Cropper stressed that the focus should be on literacy rather than excessive reliance on standardized testing. She called for a greater emphasis on providing proper support, intervention specialists, resources, and individualized assistance to students in need.
Manning and Robinson were also co-sponsors of the previous bill, House Bill 497, which received overwhelming support in the House of Representatives but failed to pass in the Senate. Despite this setback, Manning remains hopeful that House Bill 117 will succeed, stating that the previous bill may have simply run out of time in the Senate. She hopes that by introducing the bill earlier this time, there will be sufficient time for it to be passed before the legislative session concludes.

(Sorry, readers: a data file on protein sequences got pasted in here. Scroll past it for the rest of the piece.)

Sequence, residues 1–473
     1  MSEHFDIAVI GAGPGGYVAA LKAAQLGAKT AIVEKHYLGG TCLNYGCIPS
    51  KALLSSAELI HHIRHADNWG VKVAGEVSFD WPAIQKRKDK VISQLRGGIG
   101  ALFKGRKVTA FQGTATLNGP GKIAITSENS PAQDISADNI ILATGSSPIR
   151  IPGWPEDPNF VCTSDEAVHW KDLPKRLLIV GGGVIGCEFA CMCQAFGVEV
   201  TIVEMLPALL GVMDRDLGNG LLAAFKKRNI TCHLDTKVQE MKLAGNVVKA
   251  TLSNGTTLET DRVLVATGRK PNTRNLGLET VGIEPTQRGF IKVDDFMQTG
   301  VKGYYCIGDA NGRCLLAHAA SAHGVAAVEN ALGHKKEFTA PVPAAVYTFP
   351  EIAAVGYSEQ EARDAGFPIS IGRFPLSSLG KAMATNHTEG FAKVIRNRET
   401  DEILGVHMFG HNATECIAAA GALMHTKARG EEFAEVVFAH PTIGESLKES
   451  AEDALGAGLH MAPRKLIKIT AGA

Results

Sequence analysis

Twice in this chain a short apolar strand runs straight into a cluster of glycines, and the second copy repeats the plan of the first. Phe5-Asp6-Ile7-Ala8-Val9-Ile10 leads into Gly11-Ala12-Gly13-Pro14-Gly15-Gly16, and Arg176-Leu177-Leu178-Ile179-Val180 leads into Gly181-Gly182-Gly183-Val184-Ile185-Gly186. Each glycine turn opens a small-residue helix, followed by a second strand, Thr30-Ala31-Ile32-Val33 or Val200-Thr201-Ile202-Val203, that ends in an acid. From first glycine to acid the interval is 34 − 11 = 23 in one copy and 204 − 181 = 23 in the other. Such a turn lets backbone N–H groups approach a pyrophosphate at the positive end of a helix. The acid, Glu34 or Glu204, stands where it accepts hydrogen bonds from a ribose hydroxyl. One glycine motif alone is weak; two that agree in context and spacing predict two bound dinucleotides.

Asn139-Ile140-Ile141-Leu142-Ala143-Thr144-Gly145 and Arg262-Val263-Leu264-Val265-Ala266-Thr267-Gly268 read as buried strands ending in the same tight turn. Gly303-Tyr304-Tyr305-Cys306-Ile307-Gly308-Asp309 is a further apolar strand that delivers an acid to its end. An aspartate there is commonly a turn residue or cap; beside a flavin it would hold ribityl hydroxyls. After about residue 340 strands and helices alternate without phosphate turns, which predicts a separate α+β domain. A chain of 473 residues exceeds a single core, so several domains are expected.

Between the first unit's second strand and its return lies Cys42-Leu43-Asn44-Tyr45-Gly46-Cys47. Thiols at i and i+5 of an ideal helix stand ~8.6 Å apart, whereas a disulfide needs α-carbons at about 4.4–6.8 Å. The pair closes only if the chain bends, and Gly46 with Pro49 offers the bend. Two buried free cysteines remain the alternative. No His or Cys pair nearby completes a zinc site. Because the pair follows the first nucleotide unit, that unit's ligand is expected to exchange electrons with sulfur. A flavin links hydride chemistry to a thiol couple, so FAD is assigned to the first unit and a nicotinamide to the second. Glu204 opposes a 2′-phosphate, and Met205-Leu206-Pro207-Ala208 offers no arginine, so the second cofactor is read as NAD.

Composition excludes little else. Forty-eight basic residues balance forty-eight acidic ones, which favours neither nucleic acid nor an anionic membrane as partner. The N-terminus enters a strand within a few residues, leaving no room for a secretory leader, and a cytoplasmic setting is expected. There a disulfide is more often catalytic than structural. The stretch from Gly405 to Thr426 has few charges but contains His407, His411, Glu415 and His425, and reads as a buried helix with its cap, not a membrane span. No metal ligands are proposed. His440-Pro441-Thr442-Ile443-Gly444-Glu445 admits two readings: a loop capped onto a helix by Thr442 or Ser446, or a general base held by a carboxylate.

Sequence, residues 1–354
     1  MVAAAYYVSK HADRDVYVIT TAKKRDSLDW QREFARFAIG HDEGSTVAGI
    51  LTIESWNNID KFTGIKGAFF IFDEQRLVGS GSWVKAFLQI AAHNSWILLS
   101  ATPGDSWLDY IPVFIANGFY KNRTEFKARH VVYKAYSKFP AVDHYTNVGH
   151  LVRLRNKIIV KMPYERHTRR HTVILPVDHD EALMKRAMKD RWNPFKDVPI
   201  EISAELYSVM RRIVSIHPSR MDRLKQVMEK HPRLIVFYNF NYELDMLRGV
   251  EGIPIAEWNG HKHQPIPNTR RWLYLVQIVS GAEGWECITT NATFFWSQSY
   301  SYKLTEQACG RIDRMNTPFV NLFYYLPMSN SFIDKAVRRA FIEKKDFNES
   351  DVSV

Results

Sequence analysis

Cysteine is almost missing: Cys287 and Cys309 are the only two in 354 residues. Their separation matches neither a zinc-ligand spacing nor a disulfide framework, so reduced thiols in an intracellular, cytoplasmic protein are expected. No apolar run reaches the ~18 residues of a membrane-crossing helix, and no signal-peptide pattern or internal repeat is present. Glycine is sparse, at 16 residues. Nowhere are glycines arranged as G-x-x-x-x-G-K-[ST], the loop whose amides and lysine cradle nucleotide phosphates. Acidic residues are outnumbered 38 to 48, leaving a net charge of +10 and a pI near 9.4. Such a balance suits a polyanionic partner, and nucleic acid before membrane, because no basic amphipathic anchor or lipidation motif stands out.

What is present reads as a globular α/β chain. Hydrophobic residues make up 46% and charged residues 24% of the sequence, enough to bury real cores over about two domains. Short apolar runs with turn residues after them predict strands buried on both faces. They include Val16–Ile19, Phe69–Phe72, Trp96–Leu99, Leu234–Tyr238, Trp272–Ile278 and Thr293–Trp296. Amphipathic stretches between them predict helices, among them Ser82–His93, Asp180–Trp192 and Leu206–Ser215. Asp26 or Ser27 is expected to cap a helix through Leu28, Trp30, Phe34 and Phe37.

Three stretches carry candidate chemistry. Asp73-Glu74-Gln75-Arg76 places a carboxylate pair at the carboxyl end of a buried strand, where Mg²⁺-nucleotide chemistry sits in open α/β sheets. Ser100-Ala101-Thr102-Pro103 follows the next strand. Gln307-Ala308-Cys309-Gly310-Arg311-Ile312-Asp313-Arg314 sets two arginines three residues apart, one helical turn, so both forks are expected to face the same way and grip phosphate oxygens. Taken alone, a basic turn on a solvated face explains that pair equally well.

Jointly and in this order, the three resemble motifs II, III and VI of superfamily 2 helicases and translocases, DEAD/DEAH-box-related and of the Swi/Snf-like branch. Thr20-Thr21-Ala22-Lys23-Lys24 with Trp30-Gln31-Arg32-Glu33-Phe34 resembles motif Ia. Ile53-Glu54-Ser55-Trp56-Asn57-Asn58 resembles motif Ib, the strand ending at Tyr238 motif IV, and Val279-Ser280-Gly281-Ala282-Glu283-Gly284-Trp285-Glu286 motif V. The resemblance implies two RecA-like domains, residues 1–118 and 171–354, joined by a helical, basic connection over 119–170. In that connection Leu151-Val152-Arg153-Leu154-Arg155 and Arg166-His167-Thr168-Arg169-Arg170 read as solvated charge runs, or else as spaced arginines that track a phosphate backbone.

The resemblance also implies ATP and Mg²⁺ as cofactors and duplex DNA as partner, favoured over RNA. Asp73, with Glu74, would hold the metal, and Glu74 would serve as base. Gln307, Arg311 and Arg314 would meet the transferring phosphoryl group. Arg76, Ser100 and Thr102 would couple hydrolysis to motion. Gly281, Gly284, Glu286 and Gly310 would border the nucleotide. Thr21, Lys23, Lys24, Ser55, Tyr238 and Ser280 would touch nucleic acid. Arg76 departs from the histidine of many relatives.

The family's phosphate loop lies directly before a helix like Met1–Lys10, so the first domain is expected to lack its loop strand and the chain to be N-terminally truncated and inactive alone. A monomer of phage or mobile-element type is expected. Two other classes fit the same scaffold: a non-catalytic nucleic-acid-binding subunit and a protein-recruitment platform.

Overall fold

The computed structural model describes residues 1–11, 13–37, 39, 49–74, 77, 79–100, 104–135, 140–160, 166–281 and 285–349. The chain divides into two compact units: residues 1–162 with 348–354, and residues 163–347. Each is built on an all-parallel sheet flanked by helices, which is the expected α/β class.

State Representative Riordan McClain, a Republican from Upper Sandusky, voted against House Bill 497.
McClain recently proposed a legislation known as the "backpack bill," which aims to provide access to state scholarships funded through an education savings account (ESA) for all students in grades K-12, including those in public, nonpublic, and homeschool settings. These scholarships can be used to cover tuition, fees, uniforms, and books for attending nonpublic schools or for homeschooling.
According to the Ohio Department of Education (ODE), the percentage of students who demonstrated proficiency in the state’s third-grade English Language Arts (ELA) test has varied in recent years. However, it’s worth noting that the number of students taking the test has also decreased.